When it comes to Grand Slam Champions, no other country in the world has produced more than the United States of America. Americans also have won more Grand Slams than athletes of any other country - and this is not just restricted to singles, but extends to doubles and mixed doubles as well.
Breaking it down to numbers: At Wimbledon, American men have won 32 Grand Slam titles since 1877 (second highest after host Great Britain), while American women have won a record 57 titles at the All-England Club.
Coming to the Australian Open, American men are second on the list with 18 trophies behind Australia. American women likewise are second behind Australian ladies with 24 titles.
At Roland Garros, male American players have won 11 titles till date (joint-third with Australia) and its female players have won 29 titles (only one behind hosts France). However, in the Open Era, American women lead the pack with 15 titles.
At the US Open, the dominance of American athletes can be visibly seen in the stats. Although the last American male player to win the US Open was Andy Roddick way back in 2003, its men have dominated the tournament since the inception, winning a total of 85 titles. In the women's draw, the numbers are even more staggering, with American women having won 92 titles; that is 86 titles more than the next best, Germany and Australia.
Here, we highlight the achievements of 10 of the greatest American tennis players of all time:
#10 Arthur Ashe
Arthur Ashe is an all-time great American legend who won the first US Open held in the Open Era in 1968. Ashe broke many stereotypes and barriers - from being the first black tennis player to get selected to the US Davis Cup team, to being the first black player to win a Grand Slam title.
Ashe received the USA's highest honour - the Presidential Medal of Freedom, posthumously in the year 1993 from President Bill Clinton. The primary court of the US Open at the Billie Jean King Tennis Center, New York is named after him.
Ashe won a total of 3 Grand Slam titles but more than this, his amazing story is what inspires millions.
#9 Althea Gibson
The foremost black player to compete on the women's tennis circuit in the 1960s was American Althea Gibson. At a time when racism and prejudice were widespread in sports and society in general, Gibson achieved considerable success. and is an inspiration to many young players to this day.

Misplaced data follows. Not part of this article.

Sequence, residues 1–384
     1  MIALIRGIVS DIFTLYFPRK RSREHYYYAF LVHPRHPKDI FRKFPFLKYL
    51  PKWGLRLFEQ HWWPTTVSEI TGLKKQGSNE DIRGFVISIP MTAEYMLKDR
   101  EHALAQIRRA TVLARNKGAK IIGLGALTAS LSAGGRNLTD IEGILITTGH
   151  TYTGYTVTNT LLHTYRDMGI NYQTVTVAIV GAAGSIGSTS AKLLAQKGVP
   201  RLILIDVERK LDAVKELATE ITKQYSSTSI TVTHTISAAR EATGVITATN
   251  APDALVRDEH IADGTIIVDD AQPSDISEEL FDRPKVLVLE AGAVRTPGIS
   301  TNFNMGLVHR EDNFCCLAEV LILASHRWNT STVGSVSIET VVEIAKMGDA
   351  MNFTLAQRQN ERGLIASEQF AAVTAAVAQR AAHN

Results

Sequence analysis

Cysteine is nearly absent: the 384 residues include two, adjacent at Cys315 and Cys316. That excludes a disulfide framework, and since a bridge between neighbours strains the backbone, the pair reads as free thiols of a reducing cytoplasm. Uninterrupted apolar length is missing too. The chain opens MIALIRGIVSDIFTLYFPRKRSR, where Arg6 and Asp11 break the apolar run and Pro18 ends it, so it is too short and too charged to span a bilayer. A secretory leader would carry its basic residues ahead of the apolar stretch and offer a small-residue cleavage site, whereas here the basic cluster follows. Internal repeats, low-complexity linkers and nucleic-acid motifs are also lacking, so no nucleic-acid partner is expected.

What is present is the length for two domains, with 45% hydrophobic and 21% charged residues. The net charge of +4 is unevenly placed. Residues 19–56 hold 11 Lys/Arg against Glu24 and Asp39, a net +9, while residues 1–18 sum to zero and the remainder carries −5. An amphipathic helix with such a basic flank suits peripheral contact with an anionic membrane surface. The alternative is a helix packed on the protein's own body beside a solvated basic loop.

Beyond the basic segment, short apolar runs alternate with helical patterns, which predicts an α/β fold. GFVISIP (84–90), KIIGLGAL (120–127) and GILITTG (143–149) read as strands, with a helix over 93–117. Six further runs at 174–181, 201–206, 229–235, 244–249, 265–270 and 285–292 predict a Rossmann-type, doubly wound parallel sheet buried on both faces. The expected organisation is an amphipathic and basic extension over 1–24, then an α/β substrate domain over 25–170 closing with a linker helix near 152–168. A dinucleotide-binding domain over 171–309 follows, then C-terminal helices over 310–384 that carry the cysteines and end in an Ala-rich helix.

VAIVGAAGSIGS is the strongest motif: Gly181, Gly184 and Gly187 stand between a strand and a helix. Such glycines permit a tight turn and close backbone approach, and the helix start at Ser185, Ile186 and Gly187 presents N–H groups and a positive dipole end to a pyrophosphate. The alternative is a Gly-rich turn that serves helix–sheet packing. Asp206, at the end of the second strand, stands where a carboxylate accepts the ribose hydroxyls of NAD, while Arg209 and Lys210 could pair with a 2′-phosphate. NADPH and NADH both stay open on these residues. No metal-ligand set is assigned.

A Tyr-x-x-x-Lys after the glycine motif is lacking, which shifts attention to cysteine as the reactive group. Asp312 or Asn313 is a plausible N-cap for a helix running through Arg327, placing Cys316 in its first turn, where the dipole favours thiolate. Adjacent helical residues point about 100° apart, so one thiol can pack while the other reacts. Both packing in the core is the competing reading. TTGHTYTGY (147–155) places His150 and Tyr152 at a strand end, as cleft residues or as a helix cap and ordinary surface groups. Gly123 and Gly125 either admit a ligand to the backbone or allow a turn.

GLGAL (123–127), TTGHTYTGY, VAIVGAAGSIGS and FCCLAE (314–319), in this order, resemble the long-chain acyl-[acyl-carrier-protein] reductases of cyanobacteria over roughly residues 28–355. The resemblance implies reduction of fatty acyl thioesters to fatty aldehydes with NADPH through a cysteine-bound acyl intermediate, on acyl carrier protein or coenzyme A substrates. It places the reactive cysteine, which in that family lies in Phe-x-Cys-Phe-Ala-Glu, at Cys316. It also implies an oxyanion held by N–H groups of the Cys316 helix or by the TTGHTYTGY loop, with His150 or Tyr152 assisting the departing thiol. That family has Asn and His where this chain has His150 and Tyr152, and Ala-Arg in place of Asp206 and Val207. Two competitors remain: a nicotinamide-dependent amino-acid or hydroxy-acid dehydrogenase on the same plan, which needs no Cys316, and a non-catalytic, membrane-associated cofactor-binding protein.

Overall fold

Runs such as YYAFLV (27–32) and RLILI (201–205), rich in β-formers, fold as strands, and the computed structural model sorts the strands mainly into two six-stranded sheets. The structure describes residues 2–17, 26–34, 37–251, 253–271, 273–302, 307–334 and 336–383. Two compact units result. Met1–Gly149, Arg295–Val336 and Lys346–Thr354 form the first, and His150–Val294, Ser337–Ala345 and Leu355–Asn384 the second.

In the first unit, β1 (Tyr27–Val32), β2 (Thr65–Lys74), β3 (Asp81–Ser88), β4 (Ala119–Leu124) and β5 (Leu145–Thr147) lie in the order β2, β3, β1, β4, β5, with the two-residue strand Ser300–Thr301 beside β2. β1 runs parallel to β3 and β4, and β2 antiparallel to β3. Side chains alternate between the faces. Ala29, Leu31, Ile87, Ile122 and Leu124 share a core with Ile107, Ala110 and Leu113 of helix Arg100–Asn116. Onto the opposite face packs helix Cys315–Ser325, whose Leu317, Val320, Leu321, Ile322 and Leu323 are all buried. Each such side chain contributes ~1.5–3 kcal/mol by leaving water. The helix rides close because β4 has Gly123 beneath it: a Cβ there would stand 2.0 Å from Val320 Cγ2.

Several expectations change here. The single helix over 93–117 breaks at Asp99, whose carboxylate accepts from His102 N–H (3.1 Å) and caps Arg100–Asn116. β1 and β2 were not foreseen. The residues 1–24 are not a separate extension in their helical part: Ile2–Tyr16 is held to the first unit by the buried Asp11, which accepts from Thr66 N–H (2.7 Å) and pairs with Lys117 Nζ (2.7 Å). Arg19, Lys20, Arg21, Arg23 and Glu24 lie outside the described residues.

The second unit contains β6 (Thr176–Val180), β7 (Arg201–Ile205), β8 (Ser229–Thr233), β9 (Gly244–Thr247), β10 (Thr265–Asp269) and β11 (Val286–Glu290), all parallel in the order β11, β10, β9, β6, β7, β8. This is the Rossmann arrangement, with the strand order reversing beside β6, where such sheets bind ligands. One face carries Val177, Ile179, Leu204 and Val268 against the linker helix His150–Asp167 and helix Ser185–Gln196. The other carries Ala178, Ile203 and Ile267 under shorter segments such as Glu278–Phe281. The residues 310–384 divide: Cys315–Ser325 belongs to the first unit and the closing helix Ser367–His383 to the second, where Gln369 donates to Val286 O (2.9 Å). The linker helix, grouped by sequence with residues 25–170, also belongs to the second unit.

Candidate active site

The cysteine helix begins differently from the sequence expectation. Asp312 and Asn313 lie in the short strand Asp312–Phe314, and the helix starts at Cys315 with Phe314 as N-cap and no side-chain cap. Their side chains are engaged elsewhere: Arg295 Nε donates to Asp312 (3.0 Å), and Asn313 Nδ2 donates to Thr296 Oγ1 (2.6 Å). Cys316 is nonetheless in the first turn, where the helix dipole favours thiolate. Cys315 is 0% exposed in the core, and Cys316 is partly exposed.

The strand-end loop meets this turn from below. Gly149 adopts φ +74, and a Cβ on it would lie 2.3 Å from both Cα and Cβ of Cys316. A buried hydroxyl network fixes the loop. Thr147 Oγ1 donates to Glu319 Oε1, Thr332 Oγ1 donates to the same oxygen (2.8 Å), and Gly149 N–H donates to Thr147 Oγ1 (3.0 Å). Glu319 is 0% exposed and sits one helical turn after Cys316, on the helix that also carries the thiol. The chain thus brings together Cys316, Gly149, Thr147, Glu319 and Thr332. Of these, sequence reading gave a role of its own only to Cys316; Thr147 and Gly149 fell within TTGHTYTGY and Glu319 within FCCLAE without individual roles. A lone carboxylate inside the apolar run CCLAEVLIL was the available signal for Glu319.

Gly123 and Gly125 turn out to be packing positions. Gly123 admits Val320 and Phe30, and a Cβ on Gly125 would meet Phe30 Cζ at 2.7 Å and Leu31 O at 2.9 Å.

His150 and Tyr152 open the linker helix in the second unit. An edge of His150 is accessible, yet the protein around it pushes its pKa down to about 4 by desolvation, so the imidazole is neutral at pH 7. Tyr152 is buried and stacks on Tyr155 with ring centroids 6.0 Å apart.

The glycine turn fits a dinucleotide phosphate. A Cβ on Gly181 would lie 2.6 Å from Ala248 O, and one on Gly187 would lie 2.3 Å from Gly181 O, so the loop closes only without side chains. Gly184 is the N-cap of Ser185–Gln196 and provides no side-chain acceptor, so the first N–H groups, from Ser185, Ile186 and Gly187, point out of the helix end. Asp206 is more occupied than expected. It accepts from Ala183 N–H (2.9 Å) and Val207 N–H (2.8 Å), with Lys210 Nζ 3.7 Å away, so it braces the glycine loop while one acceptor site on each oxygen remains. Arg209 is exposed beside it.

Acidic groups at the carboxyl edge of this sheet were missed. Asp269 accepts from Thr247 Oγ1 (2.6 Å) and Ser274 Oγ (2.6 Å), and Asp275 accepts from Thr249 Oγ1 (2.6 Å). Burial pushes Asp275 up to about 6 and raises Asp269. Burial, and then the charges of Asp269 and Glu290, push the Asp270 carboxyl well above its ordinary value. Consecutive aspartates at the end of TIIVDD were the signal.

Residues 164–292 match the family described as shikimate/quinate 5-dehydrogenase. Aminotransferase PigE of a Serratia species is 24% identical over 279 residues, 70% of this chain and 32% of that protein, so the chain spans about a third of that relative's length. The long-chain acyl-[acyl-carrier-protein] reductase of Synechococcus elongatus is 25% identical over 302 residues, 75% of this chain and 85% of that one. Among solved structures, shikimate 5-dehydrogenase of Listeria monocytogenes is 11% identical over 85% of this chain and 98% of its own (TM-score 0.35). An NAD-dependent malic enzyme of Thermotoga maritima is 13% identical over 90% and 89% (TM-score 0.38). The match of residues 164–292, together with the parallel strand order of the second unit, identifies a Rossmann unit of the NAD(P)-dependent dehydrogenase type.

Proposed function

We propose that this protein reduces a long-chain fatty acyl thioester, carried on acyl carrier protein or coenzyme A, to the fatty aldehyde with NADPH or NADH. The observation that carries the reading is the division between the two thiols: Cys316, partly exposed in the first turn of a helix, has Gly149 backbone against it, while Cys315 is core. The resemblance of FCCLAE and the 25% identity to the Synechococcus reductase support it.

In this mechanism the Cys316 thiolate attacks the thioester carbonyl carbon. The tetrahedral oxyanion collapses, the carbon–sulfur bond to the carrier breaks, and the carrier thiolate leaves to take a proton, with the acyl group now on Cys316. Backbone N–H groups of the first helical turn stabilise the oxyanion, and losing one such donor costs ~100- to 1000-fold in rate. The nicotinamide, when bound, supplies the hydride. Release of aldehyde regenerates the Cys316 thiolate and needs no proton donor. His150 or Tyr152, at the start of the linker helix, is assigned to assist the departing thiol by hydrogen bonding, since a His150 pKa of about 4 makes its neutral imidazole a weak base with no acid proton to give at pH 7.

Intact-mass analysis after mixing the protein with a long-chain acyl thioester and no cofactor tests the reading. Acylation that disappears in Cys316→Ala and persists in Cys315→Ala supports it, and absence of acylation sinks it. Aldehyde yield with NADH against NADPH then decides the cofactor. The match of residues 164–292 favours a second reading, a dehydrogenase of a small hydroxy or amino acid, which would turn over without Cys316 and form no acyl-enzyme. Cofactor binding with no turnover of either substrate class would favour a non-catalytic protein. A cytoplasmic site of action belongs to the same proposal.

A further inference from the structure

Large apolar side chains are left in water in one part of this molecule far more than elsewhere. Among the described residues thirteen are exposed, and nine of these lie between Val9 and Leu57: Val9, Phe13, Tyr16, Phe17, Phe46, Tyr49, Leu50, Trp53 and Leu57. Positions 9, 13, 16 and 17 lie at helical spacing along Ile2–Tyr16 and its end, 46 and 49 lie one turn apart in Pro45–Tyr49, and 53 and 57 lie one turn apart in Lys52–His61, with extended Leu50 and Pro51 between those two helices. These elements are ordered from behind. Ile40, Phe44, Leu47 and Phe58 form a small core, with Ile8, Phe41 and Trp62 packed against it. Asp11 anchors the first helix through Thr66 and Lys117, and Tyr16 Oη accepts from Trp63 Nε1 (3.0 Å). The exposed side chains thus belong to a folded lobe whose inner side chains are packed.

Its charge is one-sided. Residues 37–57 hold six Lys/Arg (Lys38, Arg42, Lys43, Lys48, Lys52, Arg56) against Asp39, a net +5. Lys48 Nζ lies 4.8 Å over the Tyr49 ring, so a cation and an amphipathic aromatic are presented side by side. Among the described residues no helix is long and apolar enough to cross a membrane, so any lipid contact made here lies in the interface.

She was the first ever black player to win a Grand Slam, and her contributions are spoken of in high regard even today.
"Her road to success was a challenging one," said fellow American tennis great Billie Jean King about Gibson's career. Venus Williams and Serena Williams have often spoken about the kind of impact Gibson's success had on their own careers early on.
Gibson was a five-time Grand Slam Singles champion, winning Wimbledon and the US Open twice each and the French Open once. If Gibson had won the Australian Open, she would have become the fourth woman at the time to complete the Career Slam.
#8 Venus Williams
The only player in tennis history to win Olympic medals in 4 different Summer Olympic Games, big-serving American Venus Williams has been a mainstay of women's tennis for almost 20 years.
Venus Williams has won 7 Grand Slam Singles titles, 14 Grand Slam Doubles titles, 2 Mixed Doubles titles and 5 Olympic medals, of which 4 are gold. She is second only to her younger sister Serena Williams in career prize money earnings.
If not for her sister Serena, Venus would have won the French Open and Australian Open too.
Making her first Grand Slam singles appearance at the 1997 French Open, Venus has appeared in a record 80 Grand Slam tournaments, which is the highest among both men and women. At 38, Venus Williams still has the hunger and desire to compete at the highest level, and is eagerly looking forward to the 2019 tennis season.
#7 John McEnroe
John McEnroe, Jr. is a former World No. 1 tennis athlete often rated among the greatest tennis players of all time, especially for his silken skills at the net.
He won seven Grand Slam singles titles, nine Grand Slam men's doubles titles, and one Grand Slam mixed doubles title. He also won a record eight year-end championships, 19 Grand Prix Super Series titles, and finished his career with 77 ATP-listed singles titles and 71 in doubles.
McEnroe was known for his shot-making ability and volleying skills, for his rivalries with Björn Borg, Jimmy Connors and Ivan Lendl, and for his confrontational on-court behavior with umpires which frequently landed him in trouble.
McEnroe is one of the most underrated doubles players of all time. Despite winning 9 doubles titles most of them with Peter Fleming, his doubles game is almost never spoken about.
McEnroe currently serves as a tennis analyst for BBC and is an extremely popular commentator, especially at Wimbledon.
#6 Andre Agassi
Andre Agassi is a former World No. 1, who was one of the game's most dominant players from the early 1990s to the mid-2000s.
Agassi was regarded by both experts and fellow players to have the best service return in the history of the game. Described by the BBC upon his retirement as "perhaps the biggest worldwide star in the sport's history", Agassi exhibited performances that were par excellence.